Gang Gang Dance make their comeback with ‘Kazu…

Gang Gang Dance make their comeback with ‘Kazuashita’, a fusion of cultures and sparkling eeriness 

Daniel Lester

After a long hiatus of seven years since they released their acclaimed album “Eye Contact”, the Manhattan band Gang Gang Dance has released its comeback record "Kazuashita”. This Japanese-named record marks the sixth studio release of the legendary band since its inception in 2001. Known for their strange, yet satisfying, fusions of several music styles from around the world, Gang Gang Dance combine these elements here as well resulting in a beautiful and sparkling, yet eerie and uneasy-sounding unit of songs.

The album kicks off with a strange and short instrumental titled “( infirma terrae )”, that features heavily manipulated vocals. This achieves the desired effect of setting the eerie mood of the record as the song segues into one of the more prominent tracks – “J-TREE”. At first, it sounds like a rip-off of the cult hit “Heartbeats” by the legendary duo The Knife. The chord progression and tempo follow a similar pattern to the 2003 hit, but soon enough, the song diverges and develops into its own beast. The vocalist Lizzi Bougatsos’s singing here sounds like an otherworldly blend of voices of Yukimi Nagano of Little Dragon and Elizabeth Fraser of Cocteau Twins, mentioning in her lyrics “tata”-music. This could be a reference to an Armenian style of music, which judging by the band’s love for foreign sounds, wouldn’t be much of a surprise. The lead single off this album “Lotus”, is even more lovely, as Bougatsos’s vocals compliment the dreamy, distant instrumentation backed by a reverberating guitar sound similar to that of Romy Madley Croft of The xx. It has a very captivating effect that seems to reflect the majestic cover art of this album the most.

Another thing to note here is that this is a pretty record that tries to be political. On the song “J-TREE”, the ending is marked by an excerpt of an interview during a protest about a pipeline in an Indian reservation in 2016. With this, and the interlude “( novae terrae ) ” the band uses spoken word as a manifesto for these troubled times we live in. But, the album’s overall atmosphere doesn’t give off much of a political vibe. The lyrics are, most of the time, hardly intelligible (and I mean it in a positive way), which makes Bougatsos’s voice sound like an additional instrument, rather than an articulate human vocalization.

The most politically charged song would have to be the lovely-sounding “Young Boy (Marika in Amerika)”, a track that seems to target America and its constant issues with racism. The lyrics “Young boy in the daylight/ You look so pure just playing/ Young girl so innocent/ Beat by big hands for no reason” seem to be a reference to the police brutality people of color face quite often in the US. The following track “Snake Dub” is another instrumental track, that reminds one of a trippy, experimental take on an M.I.A.-type beat. Utilizing a myriad of sounds such as doors screeching and birds chirping make this a standout track.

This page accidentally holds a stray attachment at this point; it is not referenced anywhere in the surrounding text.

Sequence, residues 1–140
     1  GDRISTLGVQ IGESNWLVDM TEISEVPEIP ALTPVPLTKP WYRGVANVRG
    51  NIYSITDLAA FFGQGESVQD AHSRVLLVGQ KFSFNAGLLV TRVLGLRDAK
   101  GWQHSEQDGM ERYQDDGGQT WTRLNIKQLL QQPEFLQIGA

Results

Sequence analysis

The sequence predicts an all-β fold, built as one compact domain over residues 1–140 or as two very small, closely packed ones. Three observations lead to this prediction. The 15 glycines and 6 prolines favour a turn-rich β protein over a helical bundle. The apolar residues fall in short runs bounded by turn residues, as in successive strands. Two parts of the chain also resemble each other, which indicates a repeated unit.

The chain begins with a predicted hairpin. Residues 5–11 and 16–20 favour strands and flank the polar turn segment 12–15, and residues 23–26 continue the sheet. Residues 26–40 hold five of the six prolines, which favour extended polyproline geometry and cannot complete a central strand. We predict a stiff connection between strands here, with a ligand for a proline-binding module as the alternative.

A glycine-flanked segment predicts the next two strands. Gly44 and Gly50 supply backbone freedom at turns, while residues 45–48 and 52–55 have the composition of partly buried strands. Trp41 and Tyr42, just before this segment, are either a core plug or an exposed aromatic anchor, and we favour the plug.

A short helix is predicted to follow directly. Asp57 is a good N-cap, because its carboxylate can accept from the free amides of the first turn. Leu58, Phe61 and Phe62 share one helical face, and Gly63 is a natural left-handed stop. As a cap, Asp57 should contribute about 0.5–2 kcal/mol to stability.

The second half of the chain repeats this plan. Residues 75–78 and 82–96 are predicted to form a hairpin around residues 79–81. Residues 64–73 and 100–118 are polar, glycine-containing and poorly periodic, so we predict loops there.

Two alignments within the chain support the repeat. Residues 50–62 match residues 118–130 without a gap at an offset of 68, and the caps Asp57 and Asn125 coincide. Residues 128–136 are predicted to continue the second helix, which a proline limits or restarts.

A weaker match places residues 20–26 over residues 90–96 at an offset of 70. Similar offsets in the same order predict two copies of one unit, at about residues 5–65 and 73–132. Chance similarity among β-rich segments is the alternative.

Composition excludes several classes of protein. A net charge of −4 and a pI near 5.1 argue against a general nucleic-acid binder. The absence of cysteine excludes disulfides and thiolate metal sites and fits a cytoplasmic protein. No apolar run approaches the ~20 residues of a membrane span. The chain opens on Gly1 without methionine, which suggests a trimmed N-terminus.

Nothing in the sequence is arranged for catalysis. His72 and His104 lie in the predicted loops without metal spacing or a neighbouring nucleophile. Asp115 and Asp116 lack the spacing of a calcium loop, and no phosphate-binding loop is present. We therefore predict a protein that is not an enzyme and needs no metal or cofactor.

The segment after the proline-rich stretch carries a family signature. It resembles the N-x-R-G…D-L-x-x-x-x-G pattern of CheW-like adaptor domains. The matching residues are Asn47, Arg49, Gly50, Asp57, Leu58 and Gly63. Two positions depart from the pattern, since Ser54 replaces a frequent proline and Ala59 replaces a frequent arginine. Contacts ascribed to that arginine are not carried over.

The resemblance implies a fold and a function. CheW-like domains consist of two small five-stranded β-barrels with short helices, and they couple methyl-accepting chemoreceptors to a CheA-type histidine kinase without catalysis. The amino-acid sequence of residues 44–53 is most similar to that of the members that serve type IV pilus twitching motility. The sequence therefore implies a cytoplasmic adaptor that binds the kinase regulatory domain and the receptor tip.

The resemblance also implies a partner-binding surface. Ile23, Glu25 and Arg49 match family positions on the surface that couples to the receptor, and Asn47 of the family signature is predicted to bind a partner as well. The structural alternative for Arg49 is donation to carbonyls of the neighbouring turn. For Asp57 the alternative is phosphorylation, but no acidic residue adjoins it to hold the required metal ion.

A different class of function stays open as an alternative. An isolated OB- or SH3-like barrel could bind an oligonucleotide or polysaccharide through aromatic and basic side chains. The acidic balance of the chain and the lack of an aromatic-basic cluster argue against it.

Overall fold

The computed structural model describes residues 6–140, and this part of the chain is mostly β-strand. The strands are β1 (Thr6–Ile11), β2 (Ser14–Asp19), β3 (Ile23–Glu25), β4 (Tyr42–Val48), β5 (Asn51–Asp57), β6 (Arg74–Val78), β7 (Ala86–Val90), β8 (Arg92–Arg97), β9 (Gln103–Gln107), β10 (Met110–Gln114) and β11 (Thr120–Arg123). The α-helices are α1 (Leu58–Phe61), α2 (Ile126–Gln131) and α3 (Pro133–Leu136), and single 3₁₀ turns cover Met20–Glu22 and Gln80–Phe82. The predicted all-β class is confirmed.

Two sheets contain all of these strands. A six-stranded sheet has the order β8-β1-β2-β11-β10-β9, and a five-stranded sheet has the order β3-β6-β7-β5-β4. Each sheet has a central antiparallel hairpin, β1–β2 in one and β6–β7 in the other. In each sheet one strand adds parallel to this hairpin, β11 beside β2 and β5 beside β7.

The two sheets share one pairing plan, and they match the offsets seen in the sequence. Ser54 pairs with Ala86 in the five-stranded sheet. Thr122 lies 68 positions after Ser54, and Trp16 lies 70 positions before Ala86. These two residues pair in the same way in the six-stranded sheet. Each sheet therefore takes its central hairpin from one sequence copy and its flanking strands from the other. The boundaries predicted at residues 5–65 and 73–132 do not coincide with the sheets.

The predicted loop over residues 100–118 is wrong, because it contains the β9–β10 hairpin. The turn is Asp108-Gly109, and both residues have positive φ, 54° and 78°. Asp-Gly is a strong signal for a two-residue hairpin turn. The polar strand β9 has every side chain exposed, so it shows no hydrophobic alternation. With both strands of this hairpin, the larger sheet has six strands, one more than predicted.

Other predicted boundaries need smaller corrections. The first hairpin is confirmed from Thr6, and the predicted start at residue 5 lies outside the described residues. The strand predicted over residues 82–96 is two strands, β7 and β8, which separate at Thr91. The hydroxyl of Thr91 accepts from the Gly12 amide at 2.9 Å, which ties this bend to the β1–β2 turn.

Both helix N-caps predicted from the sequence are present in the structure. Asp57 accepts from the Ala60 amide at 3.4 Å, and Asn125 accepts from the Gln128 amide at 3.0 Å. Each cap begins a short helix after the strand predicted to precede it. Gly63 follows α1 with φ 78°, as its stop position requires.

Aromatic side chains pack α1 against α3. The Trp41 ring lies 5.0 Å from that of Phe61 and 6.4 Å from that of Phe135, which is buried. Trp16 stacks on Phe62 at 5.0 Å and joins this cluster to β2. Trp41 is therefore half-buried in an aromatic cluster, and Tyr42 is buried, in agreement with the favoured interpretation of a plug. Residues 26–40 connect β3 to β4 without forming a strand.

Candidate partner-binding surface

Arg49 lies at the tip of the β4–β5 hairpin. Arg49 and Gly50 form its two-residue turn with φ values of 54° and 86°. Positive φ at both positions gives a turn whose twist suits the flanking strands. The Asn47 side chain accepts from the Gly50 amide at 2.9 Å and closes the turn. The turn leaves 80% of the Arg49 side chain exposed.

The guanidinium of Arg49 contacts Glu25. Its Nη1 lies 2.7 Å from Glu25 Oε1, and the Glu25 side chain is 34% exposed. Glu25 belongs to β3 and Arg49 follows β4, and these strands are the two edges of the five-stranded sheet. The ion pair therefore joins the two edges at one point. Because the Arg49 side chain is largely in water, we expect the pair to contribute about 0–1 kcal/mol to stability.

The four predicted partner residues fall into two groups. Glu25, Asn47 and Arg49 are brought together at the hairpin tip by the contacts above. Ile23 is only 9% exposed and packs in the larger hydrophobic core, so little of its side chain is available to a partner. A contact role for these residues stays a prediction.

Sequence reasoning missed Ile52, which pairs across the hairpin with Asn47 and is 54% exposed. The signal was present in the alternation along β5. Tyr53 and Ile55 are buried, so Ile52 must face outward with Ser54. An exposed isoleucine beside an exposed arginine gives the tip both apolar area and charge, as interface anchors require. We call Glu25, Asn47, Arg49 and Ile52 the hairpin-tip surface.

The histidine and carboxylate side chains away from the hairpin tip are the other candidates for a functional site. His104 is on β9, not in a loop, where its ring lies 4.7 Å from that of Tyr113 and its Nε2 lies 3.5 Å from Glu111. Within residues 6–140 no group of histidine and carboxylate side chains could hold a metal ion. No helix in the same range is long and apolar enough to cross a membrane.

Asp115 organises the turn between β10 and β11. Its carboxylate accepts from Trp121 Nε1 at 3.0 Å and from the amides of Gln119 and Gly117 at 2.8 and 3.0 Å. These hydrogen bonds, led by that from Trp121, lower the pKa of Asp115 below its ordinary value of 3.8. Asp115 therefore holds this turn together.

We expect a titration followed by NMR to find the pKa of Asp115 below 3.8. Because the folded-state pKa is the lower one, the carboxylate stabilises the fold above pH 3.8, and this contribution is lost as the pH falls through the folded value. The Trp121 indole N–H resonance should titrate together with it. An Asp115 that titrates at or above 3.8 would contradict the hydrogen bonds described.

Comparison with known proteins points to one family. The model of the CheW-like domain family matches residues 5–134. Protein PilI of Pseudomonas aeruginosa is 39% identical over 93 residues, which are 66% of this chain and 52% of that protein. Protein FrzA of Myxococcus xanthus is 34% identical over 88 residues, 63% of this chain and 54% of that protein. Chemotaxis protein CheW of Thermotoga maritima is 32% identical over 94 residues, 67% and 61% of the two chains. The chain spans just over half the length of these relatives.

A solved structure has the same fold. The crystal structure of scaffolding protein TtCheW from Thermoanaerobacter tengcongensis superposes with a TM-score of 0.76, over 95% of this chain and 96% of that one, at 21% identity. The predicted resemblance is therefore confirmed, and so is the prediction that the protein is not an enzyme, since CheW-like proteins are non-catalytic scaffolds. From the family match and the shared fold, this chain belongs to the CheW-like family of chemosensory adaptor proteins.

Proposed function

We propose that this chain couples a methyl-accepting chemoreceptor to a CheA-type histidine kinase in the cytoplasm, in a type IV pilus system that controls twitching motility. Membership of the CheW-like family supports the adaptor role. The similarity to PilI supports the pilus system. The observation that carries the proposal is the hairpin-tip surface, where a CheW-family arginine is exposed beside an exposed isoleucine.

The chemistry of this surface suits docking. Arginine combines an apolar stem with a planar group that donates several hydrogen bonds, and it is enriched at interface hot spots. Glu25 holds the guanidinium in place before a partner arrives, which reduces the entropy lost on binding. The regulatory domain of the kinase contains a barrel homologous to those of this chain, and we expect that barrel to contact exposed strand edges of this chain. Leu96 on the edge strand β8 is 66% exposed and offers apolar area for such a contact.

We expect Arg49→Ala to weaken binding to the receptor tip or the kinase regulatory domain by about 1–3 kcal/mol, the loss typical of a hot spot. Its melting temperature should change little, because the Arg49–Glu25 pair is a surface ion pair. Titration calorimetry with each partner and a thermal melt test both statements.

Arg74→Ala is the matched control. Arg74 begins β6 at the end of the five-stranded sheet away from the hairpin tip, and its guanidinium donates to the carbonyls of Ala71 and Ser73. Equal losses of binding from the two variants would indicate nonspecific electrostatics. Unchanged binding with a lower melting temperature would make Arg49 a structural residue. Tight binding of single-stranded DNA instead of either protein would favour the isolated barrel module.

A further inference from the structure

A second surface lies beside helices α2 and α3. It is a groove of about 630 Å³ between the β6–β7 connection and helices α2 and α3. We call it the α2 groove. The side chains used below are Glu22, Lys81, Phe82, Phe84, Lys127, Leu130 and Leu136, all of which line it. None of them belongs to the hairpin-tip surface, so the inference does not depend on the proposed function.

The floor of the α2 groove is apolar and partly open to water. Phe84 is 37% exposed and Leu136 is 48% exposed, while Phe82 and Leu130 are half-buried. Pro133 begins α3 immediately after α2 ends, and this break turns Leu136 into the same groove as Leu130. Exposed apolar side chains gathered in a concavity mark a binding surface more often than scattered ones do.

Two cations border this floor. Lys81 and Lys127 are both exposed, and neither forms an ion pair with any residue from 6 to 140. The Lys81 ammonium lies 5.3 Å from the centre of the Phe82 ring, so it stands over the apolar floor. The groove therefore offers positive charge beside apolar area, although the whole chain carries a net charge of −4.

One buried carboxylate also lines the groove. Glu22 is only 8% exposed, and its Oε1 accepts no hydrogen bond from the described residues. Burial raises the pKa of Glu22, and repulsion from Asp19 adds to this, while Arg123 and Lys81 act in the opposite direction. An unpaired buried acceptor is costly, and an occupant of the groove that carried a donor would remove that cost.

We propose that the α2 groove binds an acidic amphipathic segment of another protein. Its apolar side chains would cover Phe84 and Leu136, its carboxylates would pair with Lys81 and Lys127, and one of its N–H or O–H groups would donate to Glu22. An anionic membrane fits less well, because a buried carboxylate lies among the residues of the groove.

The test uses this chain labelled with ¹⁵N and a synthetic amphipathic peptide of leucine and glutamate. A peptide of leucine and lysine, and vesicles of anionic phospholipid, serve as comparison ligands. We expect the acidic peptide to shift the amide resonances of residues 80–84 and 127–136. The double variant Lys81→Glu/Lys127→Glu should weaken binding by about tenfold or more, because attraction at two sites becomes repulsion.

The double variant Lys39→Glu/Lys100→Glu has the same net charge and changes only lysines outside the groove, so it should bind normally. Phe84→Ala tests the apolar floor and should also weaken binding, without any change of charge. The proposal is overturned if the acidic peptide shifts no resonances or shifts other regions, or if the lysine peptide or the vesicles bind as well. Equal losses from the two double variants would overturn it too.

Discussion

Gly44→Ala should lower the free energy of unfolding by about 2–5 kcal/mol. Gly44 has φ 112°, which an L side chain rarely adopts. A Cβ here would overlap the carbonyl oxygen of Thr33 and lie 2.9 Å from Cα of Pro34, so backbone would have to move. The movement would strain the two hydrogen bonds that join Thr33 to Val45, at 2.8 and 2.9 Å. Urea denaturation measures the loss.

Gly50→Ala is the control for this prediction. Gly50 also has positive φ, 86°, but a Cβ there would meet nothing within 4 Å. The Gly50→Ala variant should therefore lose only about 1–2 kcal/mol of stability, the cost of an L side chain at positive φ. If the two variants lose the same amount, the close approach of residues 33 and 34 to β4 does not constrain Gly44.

The other three songs are also quite good but do not capture one’s intrigue as much as the previously mentioned ones. The title track is a sprawling 8-minute track that sounds quite bi-polar with the crazy beat coming in after a few minutes of ambient synth sounds. The song and album’s title “Kazuashita” is a nod to the band’s frequent collaborator Taka Imamura, whose child bears the same name, carrying the meaning of “peace tomorrow”. This ties in with the band’s approach to current-day politics on this album and explains a lot of the speech excerpts and lyrical meanings.

The songs “Too Much Too Soon” and “Salve on the Sorrow”, while pleasant, are slightly less memorable than the rest of the material. This is not much of an issue, however, as the flow and atmosphere of all the tracks together flow seamlessly and brings forth one unified experience akin to those of more ambitious bands such as Pink Floyd. The main concern one may have with the album is that it is not very gripping, and it takes repeated listens to discover all the beauty in it. Luckily the band makes it so that the music here evokes so many powerful and contrasting emotions that makes “Kazuashita” a truly memorable record, if not for basic listening pleasure, then at least as some next-level background music for chilling out. It is a release that open-minded music fans should not miss this year.

Key tracks: J-TREE, Lotus, Snake Dub, Young Boy (Marika in Amerika), Kazuashita